Colette often collaborated with the late Janet Dempsey, longtime Town of Cornwall historian. They conducted oral histories of residents of the town, which are available at the Cornwall Library. Together, they took on the monumental task of indexing issues of The Cornwall Local from the 1875 to 1972. Colette founded the Cornwall Historical Society in 1999. 
    Colette wrote a book, Cornwall-on-Hudson in 2009, based on glass plate photos of people and places in and around the village taken by Louis Chivacheff, from 1890 to 1920. Chivacheff, who was born in Bulgaria, established his business under the name Storm King Studio.
As Colette talks about the history of the village and her museum, names and dates roll off her tongue effortlessly, as if she were chatting about her family and friends. 
    With her husband, Colette helped bring back the village bandstand; Mead and Taft built the original in 1897. Bill was a retired teacher from Dutchess County BOCES and a re-enactor as a member of the now defunct Cornwall Continentals. He arranged for the construction of the bandstand by BOCES students to honor the centennial of the village in 1985. Colette sold shares, for as little as 50 cents to raise money for the new bandstand. She also led the fundraising campaign to refurbish the bandstand in 2015.
    “People in Cornwall have a loyalty and pride that doesn’t exist in other places.” 
    “I would never want to live anywhere else.”
Brendan G. Coyne

                                                         


Past Grand Marshals (since 1990)

2015 – Eileen Zwart (teacher)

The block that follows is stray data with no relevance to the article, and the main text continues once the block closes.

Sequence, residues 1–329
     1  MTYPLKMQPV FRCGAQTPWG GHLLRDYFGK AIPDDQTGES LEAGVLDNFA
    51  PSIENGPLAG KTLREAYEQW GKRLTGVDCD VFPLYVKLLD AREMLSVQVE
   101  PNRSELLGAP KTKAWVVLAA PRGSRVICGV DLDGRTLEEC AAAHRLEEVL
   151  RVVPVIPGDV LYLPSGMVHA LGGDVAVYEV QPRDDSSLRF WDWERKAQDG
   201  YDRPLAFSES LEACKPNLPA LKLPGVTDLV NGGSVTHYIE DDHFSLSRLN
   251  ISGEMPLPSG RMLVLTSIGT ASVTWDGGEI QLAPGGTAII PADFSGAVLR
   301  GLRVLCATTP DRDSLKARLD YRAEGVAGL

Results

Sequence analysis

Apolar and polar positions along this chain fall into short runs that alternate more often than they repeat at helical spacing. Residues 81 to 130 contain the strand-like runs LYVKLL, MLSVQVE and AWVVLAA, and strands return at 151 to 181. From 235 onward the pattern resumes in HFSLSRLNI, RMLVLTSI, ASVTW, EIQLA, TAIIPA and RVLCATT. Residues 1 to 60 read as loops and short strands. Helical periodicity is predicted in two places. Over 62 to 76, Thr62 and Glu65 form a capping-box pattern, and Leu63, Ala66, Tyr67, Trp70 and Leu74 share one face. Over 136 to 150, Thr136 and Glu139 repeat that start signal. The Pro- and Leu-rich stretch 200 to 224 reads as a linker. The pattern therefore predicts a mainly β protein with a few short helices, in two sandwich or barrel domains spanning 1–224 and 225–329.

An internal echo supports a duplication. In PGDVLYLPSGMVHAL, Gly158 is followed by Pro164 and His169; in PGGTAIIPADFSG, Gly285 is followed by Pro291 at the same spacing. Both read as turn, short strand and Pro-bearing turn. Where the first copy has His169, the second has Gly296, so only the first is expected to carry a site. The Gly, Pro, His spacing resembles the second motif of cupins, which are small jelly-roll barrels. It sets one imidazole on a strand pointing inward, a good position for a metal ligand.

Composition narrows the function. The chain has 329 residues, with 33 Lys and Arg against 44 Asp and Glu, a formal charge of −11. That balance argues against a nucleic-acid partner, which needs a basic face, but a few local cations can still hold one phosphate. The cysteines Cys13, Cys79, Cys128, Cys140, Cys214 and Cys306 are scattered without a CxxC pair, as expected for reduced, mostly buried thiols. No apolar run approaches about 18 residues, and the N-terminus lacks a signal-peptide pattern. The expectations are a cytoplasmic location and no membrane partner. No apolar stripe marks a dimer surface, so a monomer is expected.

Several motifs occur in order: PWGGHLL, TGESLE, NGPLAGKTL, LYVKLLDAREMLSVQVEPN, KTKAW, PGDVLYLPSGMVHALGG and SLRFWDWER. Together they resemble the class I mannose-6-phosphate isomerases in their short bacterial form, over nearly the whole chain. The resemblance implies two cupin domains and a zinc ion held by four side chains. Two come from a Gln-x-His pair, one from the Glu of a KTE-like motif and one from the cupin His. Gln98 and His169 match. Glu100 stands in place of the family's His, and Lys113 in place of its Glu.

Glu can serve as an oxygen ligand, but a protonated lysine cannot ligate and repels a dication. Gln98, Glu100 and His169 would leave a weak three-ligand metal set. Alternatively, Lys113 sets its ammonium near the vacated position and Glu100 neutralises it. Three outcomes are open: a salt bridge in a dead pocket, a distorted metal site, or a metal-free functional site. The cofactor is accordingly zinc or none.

2014 – Belding and Doris Jones Clearwater (Jones Farm)

2013 – Betty and Chic Jurgens (community servants)

2012 – Harry Houlis (CIDC, former chair, longtime member)

2011 – Aisling Cuffe (outstanding long distance runner and scholar)

2010 – Glen McGinnis (teacher and coach)

2009 – Andy and Jean Maroney (community servants)

2008 – Jimmy Kent: Little League coach, town recreation director

2007 – Anna Vandermark – Cornwall high school guidance counselor

2006 – Jeanne Theis – Cornwall Teacher & Administrator (posthumously)

2005 – The Schempf Family - Cornwall Musicians and Music Teachers

2004 – Afghanistan/Iraq Armed Forces, Cornwall’s Lt. Gen. David Petraeus

2003 – Walter Koch – Cornwall Boy Scout Leader

 

 

 

2002 – Ken Kumpel – Cornwall NYC Fireman (posthumously)

2001 – Winnie Swenson – Businesswoman and Community Mother

2000 – Rev. Dick Mills – Cornwall Presbyterian Pastor

1999 – Jim McEnery – Cornwall Teacher  

1998 – None (candidates declined)

1997 – Vincent J. Connolly – CIDC co-founder (posthumously)

1996 – John F. Gould – Cornwall Artist (posthumously) 

1995 – Curt Remfrey – Cornwall Little League Official  

1994 – Loraine Donahue – CIDC Co-founder

1993 – Eileen DeFreest – Cornwall Teacher

1992 – Rev. Herman Badecker – St. John’s Episcopal Pastor

1991 – War Veterans

1990 – Ed Doty & Pete Ransom – Cornwall Little League Officials